Workforce, training and education
Yorkshire and Humber

W/N/E Yorks and N Lincs.

What is Rehabilitation Medicine?

Rehabilitation Medicine is the medicine of function. Not limited to one body system or disease process, Rehabilitation Medicine doctors deliver the medical management of people with complex disabilities. Rehabilitation Medicine involves the treatment of disabling conditions, active management of disability and the prevention of secondary complications. Dealing predominately with adults of working age, Rehabilitation Medicine doctors may also work with children and older adults.

Consultants in Rehabilitation Medicine have the knowledge and skills to confirm medical and functional diagnoses and prognoses, prevent and treat secondary and tertiary complications, manage symptoms, facilitate treatment and contribute to life decisions. In addition, the consultant will lead and co-ordinate the activities of the multidisciplinary rehabilitation team.

There are four main clinical areas in Rehabilitation Medicine: neurological, musculoskeletal, amputee and spinal cord injury rehabilitation.

Why choose a career in Rehabilitation Medicine?

Rehabilitation Medicine is a bright, exciting specialty especially suited to doctors able to work with a team to develop creative and innovative solutions to their patients' problems. Doctors working in Rehabilitation Medicine  need to have a wide range of competencies to provide holistic and life-long care to their patients.

The core clinical skills of making a diagnosis, formulating a prognosis, and providing expert medical care—common to all specialities—are important in Rehabilitation Medicine. However, the diagnosis of, for example, a spinal cord injury is often made in the context of multiple traumatic injuries or as part of the complicated presentation of an older person following a fall. And the prognosis is given to a frightened patient at a time that their life is changing, sometimes irreversibly.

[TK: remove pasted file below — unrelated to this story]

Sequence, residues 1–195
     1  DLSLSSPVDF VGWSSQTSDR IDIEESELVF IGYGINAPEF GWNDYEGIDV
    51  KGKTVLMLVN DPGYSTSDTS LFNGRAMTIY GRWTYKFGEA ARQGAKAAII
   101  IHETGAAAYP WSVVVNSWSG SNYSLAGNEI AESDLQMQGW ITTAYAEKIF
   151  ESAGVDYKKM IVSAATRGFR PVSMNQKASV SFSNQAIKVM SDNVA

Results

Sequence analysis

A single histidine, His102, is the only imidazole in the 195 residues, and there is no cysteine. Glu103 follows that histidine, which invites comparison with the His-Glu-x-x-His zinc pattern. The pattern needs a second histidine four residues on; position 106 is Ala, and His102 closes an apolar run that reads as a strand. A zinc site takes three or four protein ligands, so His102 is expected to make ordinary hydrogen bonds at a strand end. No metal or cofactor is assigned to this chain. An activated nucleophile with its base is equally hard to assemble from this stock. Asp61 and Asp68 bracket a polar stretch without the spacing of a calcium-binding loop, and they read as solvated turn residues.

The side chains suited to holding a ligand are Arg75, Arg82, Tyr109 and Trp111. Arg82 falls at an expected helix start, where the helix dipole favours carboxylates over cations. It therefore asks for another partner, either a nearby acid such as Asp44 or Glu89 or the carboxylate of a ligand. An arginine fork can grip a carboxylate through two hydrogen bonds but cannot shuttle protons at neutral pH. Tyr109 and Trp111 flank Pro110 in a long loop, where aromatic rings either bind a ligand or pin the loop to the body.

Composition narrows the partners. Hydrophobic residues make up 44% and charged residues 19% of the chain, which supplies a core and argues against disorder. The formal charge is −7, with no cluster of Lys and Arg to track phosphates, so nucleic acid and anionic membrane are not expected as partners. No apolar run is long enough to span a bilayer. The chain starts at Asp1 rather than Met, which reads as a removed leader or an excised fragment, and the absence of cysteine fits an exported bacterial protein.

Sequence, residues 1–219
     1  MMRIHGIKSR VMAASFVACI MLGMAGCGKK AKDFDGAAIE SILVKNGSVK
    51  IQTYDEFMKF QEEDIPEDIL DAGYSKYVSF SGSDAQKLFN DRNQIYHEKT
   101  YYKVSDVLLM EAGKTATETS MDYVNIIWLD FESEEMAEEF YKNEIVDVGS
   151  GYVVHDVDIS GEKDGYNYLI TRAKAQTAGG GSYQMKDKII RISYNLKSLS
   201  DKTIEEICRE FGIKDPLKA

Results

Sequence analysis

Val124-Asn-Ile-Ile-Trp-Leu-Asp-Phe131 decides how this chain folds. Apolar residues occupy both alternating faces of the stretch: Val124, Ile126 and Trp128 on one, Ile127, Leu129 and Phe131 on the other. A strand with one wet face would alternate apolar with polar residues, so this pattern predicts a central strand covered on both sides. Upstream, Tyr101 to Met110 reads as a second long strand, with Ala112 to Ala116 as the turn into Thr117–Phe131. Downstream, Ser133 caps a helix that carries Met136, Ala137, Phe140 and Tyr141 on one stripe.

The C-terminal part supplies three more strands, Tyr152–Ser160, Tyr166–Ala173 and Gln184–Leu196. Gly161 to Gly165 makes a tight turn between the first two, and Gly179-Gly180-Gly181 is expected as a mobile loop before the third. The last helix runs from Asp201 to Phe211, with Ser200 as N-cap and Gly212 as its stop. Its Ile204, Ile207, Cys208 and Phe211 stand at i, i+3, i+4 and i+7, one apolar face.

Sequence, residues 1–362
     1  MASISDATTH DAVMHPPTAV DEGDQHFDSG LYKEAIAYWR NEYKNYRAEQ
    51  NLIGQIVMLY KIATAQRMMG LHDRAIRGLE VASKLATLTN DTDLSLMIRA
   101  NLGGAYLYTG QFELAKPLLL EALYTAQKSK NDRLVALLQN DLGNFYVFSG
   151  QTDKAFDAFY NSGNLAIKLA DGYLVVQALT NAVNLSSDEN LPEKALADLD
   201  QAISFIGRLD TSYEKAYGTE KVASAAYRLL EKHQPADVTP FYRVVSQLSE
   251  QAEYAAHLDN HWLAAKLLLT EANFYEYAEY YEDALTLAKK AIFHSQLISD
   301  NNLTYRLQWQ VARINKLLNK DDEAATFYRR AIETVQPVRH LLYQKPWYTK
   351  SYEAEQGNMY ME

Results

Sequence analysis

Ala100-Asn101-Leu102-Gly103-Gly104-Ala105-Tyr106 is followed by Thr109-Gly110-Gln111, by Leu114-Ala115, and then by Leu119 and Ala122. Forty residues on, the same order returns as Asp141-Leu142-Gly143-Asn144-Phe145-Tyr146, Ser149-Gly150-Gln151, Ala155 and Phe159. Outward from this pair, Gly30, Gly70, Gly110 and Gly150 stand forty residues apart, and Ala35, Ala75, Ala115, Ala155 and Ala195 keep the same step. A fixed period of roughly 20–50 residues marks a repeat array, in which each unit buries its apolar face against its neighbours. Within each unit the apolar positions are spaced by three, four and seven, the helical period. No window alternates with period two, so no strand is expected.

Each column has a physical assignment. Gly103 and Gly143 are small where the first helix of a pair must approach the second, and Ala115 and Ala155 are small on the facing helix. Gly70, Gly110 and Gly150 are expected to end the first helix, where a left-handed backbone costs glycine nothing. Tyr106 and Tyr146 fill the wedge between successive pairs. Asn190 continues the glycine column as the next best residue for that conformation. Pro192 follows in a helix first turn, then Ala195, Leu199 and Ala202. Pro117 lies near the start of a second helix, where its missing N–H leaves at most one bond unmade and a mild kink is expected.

Doctors in Rehabilitation Medicine also provide information, support and counselling for patients, families and their carers, including other medical teams. This will include functional and prognostic information as well as information regarding vocational rehabilitation or return to work. Specific skills are required when working with young adults making the transition to adult services. Combining these skills with the specialised medical interventions that you can provide, and an ability to lead the multidisciplinary team in challenging situations, add up to make Rehabilitation Medicine a tremendously satisfying career.